Putting Orthopaedic Pieces Together: A Joint Effort
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What is Rheumatoid Arthritis?

Rheumatoid arthritis (RA) is a chronic autoimmune disease that primarily affects the joints but can also involve other body systems. Unlike osteoarthritis, which is often associated with wear and tear on the joints, rheumatoid arthritis is characterized by the immune system mistakenly attacking the synovium, the lining of the membranes that surround the joints. This autoimmune response leads to joint inflammation, pain, and potentially joint damage. Here’s a detailed explanation of rheumatoid arthritis:


Key Features and Causes:

  • Autoimmune Disease: RA is considered an autoimmune disorder, meaning the immune system, which normally protects the body from infections, mistakenly targets the body’s own tissues, especially the synovium.


  • Chronic Inflammation: The autoimmune response triggers chronic inflammation in the synovium, leading to joint swelling, pain, and damage over time.


  • Unknown Cause: The exact cause of RA is not fully understood, but it likely involves a combination of genetic, environmental, and hormonal factors. Smoking is a known risk factor for RA.



  • Joint Pain and Stiffness: RA typically presents with joint pain, swelling, and stiffness, often worse in the morning or after periods of inactivity.


  • Symmetrical Joint Involvement: RA often affects joints on both sides of the body simultaneously (e.g., both wrists or both knees).


  • Fatigue: Many individuals with RA experience fatigue, which can be debilitating.


  • Joint Deformities: Over time, RA can lead to joint deformities and loss of joint function.


  • Systemic Effects: RA can affect other body systems, leading to complications such as inflammation in the eyes, lungs, heart, and blood vessels.



  • Clinical Evaluation: Diagnosis is based on a combination of clinical evaluation, medical history, physical examination, and laboratory tests.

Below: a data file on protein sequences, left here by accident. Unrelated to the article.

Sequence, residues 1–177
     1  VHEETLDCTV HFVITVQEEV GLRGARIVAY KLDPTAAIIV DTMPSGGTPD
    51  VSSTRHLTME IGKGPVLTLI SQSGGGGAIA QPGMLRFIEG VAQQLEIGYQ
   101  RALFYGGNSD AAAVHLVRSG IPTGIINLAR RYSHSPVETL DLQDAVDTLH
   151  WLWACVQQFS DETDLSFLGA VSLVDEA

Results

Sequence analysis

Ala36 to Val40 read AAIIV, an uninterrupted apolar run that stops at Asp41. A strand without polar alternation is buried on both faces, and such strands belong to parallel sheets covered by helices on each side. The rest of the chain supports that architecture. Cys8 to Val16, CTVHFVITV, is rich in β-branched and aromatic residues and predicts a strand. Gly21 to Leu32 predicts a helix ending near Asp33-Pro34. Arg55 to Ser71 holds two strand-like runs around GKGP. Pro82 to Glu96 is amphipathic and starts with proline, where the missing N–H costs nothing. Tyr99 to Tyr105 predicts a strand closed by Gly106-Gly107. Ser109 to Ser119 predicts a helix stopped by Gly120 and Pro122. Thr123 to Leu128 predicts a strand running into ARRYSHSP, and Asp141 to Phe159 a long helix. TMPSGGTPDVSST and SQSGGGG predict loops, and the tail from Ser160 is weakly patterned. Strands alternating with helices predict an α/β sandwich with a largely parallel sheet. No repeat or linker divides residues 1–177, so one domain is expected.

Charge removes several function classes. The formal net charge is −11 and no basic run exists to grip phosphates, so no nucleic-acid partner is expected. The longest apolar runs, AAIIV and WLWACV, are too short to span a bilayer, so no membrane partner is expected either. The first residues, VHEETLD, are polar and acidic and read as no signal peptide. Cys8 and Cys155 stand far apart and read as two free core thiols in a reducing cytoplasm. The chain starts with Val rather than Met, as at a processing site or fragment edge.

• Blood Tests: Specific blood tests, such as rheumatoid factor (RF) and anti-cyclic citrullinated peptide (anti-CCP) antibodies, are often used to support the diagnosis.



  • Disease-Modifying Antirheumatic Drugs (DMARDs): DMARDs are the cornerstone of RA treatment. These medications, including methotrexate, hydroxychloroquine, and biologic agents, help control the autoimmune response and reduce joint inflammation.


  • Nonsteroidal Anti-Inflammatory Drugs (NSAIDs): NSAIDs can provide relief from pain and inflammation.


  • Corticosteroids: These anti-inflammatory medications may be prescribed in the short term to manage acute symptoms.


  • Physical Therapy: Physical therapy and regular exercise help improve joint function and maintain mobility.


  • Joint Protection: Occupational therapy can teach strategies to protect joints during daily activities.


  • Surgery: In severe cases with joint damage, joint replacement surgery may be considered.



  • The course of RA varies among individuals. Some experience mild symptoms, while others may have severe joint damage and functional limitations.


  • Early diagnosis and prompt treatment are crucial in managing RA and preventing joint damage.


  • Regular follow-up with a rheumatologist is essential to monitor disease activity and adjust treatment as needed.


Rheumatoid arthritis is a chronic condition that requires ongoing management. While there is no cure, current treatment options aim to control symptoms, slow disease progression, and improve the quality of life for individuals with RA.